• Axis 3. Multicellular assemblies

multicellular assemblies

Intercellular communication is a key property of organized living systems. It leads to transfer of information and coordinated regulation of key biological functions within cell populations, and the development of normal tissues or tumors is characterized by both biochemical and mechanical patterning. Here, we focus on describing in a quantitative manner how the physical cues of tissues impact their normal and tumorigenic states - for instance in the context of collective cell migration, tissue proliferation and morphogenesis, or cell interactions with the microenvironment and cell competition. To do so, we use novel technological developments and interdisciplinary approaches that involve developmental and cell biology, as well as experimental and theoretical physics. Our research projects rely on different systems, from whole organisms to organoids or “organs on chips”, as well as on theoretical modelling, whether based on continuous approaches or numerical simulations.


    The onset of the project, 2012 - 2019

    Research at the interface between physics and cell biology has been a focus at Institut Curie over the past decades. It is on this basis that the LabEx CelTisPhyBio was founded in 2012. It has enabled researchers at Institut Curie, ESPCI and more broadly at PSL to develop a quantitative cell biology approach based on the physical properties of cells, not only at the single cell level but also at the level of the collective behavior of cells within a tissue. The long-term aim of these studies has been to apply the results to cancer and tumor growth research and to the development of new therapeutic approaches.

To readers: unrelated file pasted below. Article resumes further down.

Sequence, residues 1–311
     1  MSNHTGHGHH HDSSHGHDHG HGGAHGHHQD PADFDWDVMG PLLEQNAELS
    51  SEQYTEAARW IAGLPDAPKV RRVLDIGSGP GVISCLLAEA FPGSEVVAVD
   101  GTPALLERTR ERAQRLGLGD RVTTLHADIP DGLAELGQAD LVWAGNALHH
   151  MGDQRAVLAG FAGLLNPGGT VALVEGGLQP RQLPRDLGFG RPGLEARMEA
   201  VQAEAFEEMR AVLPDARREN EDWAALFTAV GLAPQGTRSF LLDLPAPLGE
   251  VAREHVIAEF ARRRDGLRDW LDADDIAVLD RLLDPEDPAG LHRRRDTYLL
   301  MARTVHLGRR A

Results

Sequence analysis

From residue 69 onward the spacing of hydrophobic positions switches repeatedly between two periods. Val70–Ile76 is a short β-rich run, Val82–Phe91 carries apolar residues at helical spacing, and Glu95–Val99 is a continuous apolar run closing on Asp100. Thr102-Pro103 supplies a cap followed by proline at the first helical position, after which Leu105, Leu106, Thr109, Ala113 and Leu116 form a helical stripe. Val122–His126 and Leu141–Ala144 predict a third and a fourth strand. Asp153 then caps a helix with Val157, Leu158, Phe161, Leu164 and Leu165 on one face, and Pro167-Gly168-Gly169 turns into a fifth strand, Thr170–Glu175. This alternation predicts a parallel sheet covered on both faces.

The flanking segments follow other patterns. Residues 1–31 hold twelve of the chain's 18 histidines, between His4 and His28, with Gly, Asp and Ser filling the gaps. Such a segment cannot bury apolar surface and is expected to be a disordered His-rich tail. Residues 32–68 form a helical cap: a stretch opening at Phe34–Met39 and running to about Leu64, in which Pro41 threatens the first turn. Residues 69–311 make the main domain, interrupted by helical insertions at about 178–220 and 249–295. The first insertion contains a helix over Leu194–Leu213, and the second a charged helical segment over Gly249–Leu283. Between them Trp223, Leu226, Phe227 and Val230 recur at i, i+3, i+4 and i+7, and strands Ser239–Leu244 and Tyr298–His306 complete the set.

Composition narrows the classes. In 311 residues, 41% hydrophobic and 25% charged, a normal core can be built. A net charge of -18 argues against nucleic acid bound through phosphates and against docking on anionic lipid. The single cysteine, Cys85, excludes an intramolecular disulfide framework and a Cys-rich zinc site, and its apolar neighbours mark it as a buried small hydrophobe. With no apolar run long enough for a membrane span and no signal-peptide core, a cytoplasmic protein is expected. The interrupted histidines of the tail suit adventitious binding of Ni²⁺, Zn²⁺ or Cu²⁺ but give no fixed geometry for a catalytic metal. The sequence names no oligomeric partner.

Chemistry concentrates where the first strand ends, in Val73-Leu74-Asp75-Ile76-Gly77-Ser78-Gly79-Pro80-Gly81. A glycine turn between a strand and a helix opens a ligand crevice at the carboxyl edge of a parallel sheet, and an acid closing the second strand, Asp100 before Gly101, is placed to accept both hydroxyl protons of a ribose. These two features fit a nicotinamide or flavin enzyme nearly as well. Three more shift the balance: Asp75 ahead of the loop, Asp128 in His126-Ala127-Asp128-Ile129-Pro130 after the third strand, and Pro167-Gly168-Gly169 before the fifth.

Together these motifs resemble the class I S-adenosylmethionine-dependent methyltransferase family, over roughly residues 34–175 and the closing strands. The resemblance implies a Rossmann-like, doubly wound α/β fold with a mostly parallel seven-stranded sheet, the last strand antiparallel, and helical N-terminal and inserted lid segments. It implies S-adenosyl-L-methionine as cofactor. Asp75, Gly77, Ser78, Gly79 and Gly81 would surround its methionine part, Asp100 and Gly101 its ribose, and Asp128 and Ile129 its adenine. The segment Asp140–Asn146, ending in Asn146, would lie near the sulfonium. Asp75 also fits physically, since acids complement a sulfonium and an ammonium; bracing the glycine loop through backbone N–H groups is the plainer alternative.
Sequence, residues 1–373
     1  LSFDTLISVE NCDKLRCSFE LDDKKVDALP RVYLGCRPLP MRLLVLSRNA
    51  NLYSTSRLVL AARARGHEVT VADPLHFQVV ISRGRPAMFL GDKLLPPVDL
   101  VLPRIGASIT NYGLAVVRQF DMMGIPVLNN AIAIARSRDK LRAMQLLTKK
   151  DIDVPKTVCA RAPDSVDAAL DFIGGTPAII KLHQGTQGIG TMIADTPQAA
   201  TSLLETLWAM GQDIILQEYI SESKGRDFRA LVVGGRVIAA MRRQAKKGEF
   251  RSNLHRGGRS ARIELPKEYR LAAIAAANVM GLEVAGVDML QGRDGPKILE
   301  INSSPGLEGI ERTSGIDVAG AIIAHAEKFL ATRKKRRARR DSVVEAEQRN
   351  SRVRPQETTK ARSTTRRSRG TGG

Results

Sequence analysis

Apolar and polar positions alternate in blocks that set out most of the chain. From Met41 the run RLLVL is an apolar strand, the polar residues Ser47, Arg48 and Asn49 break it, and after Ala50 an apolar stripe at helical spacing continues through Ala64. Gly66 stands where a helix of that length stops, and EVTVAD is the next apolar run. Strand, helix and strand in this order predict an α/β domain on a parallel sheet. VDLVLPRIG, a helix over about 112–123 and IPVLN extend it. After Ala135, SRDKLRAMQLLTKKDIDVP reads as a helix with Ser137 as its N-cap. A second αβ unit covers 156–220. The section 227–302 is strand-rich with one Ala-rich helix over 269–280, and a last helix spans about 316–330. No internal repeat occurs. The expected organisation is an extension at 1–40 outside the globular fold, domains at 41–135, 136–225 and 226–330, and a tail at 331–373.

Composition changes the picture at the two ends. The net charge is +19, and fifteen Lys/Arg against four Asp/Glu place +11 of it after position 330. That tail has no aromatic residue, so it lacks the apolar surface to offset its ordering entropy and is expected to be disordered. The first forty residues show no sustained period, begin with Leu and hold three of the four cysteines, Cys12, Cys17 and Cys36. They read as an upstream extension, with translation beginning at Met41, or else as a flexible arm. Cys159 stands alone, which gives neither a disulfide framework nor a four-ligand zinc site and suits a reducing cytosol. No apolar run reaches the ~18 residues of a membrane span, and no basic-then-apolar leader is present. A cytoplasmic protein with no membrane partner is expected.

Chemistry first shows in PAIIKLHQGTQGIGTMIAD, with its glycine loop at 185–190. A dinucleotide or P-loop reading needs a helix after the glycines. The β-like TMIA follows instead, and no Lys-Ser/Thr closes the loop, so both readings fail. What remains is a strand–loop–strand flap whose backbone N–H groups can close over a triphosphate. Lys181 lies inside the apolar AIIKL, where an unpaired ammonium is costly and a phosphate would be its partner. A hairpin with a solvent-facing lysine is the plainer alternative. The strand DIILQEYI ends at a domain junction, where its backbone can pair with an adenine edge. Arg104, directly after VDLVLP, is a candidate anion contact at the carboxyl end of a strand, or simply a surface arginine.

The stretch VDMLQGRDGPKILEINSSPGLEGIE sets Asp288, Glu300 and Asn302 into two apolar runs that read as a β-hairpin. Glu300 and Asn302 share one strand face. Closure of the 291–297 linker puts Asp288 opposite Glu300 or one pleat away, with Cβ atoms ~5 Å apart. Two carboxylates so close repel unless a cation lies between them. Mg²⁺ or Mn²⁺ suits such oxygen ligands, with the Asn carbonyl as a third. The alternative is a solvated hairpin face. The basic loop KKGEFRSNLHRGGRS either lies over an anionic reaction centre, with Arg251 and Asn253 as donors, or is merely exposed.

The project renewal, 2020 - 2024

    Following successful 2018 evaluation of the LabEx CelTisPhyBio by the ANR, the LabEx has been renewed from 2020 to 2024, and renamed Cell(n)Scale. The LabEx scientific strategy is built in continuity with the initial 2012-2019 project. Two dimensions will however be strengthened: the interface with computational biology and mathematical modelling-to go a step further in the comprehension of biological processes, and chemical biology approaches-to enhance the synthesis of small molecules key for the development of several research projects.